Movies, TV shows, science fiction, and books might not always come from fact themselves, but they do give you an idea of what people are willing to believe – and they can offer inspiration that might prompt you in your own writing endeavours. Of course you can’t copy plots and characters straight into your own stories. But they can offer you ideas to get you writing. So, watch movies and shows across all genres and take notes of all the bits that grab your attention. Also consider – is it fact or is it fiction? But also, does it bother you if it isn’t fact?

Documentaries and channels like Animal Planet and History are a bit more reliable than the above. They can give you background information form verifiable sources that can spur your writing onward and give it credibility. A great example of a writer who was inspired by history is George R.R Martin with Game of Thrones. He used the Wars of the Roses, a series of civil wars between the the House of York and the House of Lancaster, to drive the massively popular series.

3. People

Old ones, young ones, smart ones, experts… You can learn a lot from the people around you. Everyone sees the world differently, everyone learns the world differently. There are cultural differences, generational differences, and simply different point of views. Irregardless of similarities between backgrounds, individual people are as unique as the trees. So, talk to as many people as you can and learn their stories, learn their ways of thinking and seeing the world to help you build out complex and believable characters and plots.

You can do this by looking online for discussion boards and the like, but some of the best conversations come from people you meet in real life. Consider your neighbours, friends, and colleagues, to customers at a grocery store, people at a retirement village, or someone you meet fleetingly when you’re away on a holiday.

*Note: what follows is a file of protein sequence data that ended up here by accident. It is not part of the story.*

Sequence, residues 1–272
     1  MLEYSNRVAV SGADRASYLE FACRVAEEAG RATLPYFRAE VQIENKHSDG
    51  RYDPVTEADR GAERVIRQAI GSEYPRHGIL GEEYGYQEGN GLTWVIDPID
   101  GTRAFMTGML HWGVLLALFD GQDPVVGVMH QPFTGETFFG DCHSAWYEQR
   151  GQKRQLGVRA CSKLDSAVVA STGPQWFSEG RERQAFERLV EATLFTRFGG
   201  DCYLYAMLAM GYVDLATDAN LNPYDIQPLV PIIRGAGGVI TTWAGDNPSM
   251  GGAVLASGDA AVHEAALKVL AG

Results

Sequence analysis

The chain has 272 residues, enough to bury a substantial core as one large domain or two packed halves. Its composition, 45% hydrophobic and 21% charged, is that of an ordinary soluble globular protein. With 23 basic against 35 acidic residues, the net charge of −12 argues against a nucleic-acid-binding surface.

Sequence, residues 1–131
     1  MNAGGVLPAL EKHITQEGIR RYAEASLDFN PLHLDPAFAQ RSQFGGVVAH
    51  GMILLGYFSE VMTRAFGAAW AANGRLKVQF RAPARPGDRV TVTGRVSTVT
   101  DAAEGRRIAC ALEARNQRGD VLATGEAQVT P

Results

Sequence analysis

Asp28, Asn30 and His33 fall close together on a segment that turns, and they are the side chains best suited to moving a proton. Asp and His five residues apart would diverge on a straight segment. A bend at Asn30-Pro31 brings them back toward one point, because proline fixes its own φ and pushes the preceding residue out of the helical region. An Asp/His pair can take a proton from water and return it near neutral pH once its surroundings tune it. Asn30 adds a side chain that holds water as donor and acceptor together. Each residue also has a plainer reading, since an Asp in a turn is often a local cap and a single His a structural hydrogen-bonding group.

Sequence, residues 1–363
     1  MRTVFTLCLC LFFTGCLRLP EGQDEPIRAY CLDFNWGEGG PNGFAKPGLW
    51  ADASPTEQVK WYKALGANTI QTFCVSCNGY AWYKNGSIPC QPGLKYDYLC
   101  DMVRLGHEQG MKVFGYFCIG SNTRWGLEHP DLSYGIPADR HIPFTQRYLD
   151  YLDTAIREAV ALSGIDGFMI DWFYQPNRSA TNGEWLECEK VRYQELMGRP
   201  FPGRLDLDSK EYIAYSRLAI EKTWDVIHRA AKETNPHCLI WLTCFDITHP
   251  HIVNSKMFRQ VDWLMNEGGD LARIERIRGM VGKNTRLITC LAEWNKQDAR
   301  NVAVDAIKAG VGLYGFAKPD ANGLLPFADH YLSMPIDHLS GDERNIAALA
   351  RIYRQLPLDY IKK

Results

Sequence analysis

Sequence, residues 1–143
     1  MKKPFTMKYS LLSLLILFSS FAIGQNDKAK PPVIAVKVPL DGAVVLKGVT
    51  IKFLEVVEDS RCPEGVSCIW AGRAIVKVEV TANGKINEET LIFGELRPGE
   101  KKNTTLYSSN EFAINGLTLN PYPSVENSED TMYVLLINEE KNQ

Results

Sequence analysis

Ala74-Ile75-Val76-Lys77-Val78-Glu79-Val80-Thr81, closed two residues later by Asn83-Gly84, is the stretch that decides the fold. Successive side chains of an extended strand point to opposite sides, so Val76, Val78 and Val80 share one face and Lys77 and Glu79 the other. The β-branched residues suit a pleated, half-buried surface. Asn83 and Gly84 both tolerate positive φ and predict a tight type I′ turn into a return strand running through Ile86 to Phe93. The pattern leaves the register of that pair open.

4. Take creative liberty

This is code for make stuff up. Use your imagination to fill in the gaps where your knowledge and science doesn’t fit, but don’t be afraid to also take creative liberty when something real might need tweaking to fit well within the context of your story.

When it comes to the reader, especially science fiction, most readers are willing to suspend disbelief – to an extent. First you have to create a basis that is believable, it must be something that readers can pretend could be true. Then, you can mix it in with the unbelievable and your readers will accept it as fact, at least while they read your novel. So, take creative liberty and craft your work of art into something magical but perhaps a little unbeliveable. After all it’s a work of fiction – as an author it’s your right.

“…it was agreed, that my endeavors should be directed to persons and characters supernatural, or at least romantic, yet so as to transfer from our inward nature a human interest and a semblance of truth sufficient to procure for these shadows of imagination that willing suspension of disbelief for the moment, which constitutes poetic faith.”

– Samuel Taylor Coleridge

Whatever technique you chose to undertake your research, keep in mind that it’s similar to many other undertakings – you have to pick two: good, fast, or cheap. And the results of your choice will be noticeable in your work.